The opinion of the court was delivered by: Haight, Senior United States District Judge
MEMORANDUM OPINION AND ORDER
Defendant Angel Padilla, currently incarcerated as the result of his conviction of numerous crimes in the captioned case, has filed a pro se motion pursuant to Rule 33, Fed. R. Crim. P., to vacate the judgment of conviction and for a new trial.
Padilla asserts newly discovered evidence and prosecutorial misconduct as the grounds for this relief. Specifically, Padilla asserts that during the trial in which he was convicted, the government offered evidence that while Padilla, the co-head of the C&C crime organization, was incarcerated awaiting trial, he gave orders through one Rafael Torres, an organization member, for the murder of Hector Ocasio, Gilberto Garcia, and Luis Garcia. Subsequently Ocasio and Gilberto Ocasio were shot to death and Luis Garcia was wounded. Padilla was convicted of complicity in these crimes. However, Padilla's argument continues, at a separate and subsequent trial of C&C co-conspirators Jaime Rodriguez and Stephen Camacho involving inter alia the same crimes "there was no evidence of the direct involvement of Padilla or of Torres' conveyance of his instructions. The government contended that James Albizu, a member of Padilla's security force, was also angry at Ocasio for cutting down on his weekly [C&C] payments, and, together with the other old security force members, served as the motivating factor behind the murders."*fn1 A more detailed summary of the government's theory of the case with respect to these crimes as presented to the jury in the trial of Camacho and Rodriguez may be found in United States v. Camacho, 163 F. Supp. 2d 287, 289-90 (S.D.N.Y. 2001). Padilla regards the accounts of these particular crimes advanced by the government at the two trials as irreconcilably inconsistent; and, since the prosecutor was the same individual in both trials, Padilla contends that the government committed prosecutorial misconduct by knowingly introducing perjured testimony on these crimes during his trial.
As footnote 1 indicates, this case has a procedural history which it is now necessary to recount. Padilla's direct appeal was rejected by the Second Circuit. See United States v. Padilla, 203 F.3d 156 (2d Cir. 2000). The Supreme Court denied Padilla's petition for certiorari on October 2, 2000, the date when Padilla's conviction became final.
On February 11, 2002, more than a year later, Padilla filed a motion for a writ of habeas corpus pursuant to 28 U.S.C. § 2255. This Court denied the motion as untimely under the one-year limitation period on the filing of § 2255 petitions contained in the Antiterrorism and Effective Death Penalty Act of 1996 ("AEDPA"), 28 U.S.C. § 2255(1), and further concluded that in the circumstances of the case, principles of equitable tolling did not apply. Padilla v. United States, 2002 WL 31571733 (S.D.N.Y. Nov. 19, 2002). Padilla based that § 2255 petition on precisely the same perceived inconsistency in the government's theories and proof that he advances in the present motion. See 2002 WL 31571733, at *2 ("Padilla argues that the government committed prosecutorial misconduct in presenting two different theories of one of the murders of which Padilla was convicted -- one theory offered through the testimony of Darrell Gray at Padilla's trial and one offered through the testimony of James Albizu at the separate trial of two of his co-defendants [Camacho and Rodriguez]."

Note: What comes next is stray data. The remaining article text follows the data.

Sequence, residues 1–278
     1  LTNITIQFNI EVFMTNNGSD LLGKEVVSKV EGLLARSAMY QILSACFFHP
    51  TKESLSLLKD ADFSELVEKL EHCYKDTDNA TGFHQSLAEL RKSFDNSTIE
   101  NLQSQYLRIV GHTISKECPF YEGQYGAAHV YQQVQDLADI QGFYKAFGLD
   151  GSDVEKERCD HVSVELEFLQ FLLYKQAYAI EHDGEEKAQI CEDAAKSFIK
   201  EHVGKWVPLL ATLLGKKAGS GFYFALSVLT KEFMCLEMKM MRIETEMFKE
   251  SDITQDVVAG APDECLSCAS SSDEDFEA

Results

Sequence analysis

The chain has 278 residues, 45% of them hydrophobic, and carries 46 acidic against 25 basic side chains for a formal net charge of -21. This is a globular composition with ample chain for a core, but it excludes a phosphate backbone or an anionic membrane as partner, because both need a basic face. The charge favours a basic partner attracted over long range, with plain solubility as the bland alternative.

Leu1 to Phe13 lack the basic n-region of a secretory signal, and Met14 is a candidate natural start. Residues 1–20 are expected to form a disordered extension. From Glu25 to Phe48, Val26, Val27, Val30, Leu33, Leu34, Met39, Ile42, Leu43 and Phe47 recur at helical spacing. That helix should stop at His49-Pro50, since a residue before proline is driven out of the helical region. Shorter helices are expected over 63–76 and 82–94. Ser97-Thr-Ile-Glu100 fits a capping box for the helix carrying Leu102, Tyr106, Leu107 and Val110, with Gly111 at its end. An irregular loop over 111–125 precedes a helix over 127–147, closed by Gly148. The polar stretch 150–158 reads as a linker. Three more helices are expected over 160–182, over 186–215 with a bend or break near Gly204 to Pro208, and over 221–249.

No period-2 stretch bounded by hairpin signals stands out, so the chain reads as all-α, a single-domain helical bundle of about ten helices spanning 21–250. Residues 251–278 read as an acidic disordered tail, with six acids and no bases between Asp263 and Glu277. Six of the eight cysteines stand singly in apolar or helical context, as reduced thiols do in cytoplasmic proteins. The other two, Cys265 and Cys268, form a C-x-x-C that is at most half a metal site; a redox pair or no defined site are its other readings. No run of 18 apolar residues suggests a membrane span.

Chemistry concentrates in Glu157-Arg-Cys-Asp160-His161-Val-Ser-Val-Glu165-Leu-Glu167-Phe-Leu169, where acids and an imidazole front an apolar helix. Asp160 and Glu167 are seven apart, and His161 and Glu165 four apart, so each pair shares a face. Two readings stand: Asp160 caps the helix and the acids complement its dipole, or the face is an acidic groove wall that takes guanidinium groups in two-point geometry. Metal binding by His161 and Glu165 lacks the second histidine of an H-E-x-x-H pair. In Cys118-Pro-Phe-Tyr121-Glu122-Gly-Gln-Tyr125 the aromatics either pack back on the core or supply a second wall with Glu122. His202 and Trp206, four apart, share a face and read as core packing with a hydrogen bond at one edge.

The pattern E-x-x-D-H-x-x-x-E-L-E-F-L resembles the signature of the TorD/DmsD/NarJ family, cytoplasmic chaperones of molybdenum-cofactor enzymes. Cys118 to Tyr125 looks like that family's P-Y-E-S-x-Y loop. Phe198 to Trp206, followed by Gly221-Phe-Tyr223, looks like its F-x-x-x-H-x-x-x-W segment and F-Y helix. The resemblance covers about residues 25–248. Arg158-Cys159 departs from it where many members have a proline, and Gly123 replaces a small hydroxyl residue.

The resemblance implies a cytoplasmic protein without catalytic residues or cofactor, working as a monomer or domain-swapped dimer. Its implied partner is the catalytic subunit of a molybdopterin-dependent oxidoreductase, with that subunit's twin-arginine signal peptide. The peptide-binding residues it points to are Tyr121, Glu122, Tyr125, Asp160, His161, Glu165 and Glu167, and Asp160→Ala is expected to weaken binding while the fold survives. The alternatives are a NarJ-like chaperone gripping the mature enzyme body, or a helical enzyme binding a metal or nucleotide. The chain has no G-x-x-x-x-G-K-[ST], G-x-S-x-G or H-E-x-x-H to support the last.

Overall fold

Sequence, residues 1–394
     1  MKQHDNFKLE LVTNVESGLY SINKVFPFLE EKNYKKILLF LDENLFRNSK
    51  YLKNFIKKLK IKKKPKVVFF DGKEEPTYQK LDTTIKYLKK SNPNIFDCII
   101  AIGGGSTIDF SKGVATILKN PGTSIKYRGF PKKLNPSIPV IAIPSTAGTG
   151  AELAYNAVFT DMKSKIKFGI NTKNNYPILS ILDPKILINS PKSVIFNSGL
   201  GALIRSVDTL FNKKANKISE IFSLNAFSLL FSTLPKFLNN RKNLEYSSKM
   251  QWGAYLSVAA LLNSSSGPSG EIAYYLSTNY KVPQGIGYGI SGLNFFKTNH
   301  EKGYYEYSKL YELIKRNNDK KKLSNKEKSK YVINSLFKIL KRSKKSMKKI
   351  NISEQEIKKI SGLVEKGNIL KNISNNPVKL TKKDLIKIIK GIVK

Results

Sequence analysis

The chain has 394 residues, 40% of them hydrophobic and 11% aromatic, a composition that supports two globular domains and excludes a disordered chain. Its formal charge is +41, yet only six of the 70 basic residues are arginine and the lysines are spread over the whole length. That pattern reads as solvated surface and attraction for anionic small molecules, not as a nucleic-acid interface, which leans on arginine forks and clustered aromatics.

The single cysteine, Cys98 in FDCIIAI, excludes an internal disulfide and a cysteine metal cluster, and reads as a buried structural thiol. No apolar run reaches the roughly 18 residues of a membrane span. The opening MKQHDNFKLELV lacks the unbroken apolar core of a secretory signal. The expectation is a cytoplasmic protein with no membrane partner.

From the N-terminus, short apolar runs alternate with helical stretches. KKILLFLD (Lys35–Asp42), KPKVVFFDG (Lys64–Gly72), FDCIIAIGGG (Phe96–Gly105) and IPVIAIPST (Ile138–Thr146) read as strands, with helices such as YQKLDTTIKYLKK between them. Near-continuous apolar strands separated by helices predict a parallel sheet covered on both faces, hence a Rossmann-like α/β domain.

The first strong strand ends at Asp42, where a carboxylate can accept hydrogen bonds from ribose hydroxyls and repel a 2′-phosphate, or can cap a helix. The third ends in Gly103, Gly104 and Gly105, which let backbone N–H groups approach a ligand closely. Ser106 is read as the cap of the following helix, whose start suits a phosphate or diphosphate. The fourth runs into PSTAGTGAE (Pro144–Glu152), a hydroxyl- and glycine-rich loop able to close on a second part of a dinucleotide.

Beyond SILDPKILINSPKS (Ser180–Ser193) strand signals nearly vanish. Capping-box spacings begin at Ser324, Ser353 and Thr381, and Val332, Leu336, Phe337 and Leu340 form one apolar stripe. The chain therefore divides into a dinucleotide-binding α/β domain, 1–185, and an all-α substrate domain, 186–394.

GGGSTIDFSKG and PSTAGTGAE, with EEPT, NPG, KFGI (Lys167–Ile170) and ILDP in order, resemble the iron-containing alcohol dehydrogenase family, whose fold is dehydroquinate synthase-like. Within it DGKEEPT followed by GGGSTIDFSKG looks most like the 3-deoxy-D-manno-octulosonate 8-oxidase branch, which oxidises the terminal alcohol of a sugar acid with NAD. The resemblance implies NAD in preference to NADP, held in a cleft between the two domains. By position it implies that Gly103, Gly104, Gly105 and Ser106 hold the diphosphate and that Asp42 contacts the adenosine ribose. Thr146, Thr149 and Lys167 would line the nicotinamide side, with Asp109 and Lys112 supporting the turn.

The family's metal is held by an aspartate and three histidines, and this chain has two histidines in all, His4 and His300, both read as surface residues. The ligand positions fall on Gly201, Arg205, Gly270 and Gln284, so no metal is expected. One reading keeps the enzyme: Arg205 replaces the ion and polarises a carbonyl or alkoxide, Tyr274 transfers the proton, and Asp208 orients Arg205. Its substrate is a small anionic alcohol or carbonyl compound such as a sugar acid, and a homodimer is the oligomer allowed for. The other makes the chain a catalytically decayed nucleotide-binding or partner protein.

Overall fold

In July 2003, Padilla filed a second motion in this Court to vacate the judgment under 28 U.S.C. § 2255. Padilla relied upon the same perceived inconsistency between the government's theories and proof at the two trials. This motion came before then-Chief Judge Mukasey, who in an order dated October 16, 2003 concluded that the motion was a "second or successive motion" as that phrase is used in 28 U.S.C. § 2255 ¶ 8 and consequently transferred the motion to the Second Circuit for that court's consideration of whether to permit it to be filed. See generally Liriano v. United States, 95 F.3d 119, 123 (2d Cir. 1996).
In an order dated August 23, 2004, the Second Circuit denied Padilla permission to file that motion because Padilla "has not demonstrated that the new evidence on which his claims rely would establish, through clear and convincing evidence, that no reasonable fact-finder would have found the petitioner guilty of the crimes for which he was convicted." The Court of Appeals' language tracks that of the statute, 28 U.S.C. § 2255 ¶ 8, and also reflects Padilla's consistent characterization of his inconsistent prosecutorial theory contention as based upon newly discovered evidence. The Second Circuit also denied Padilla's motion for a rehearing en banc.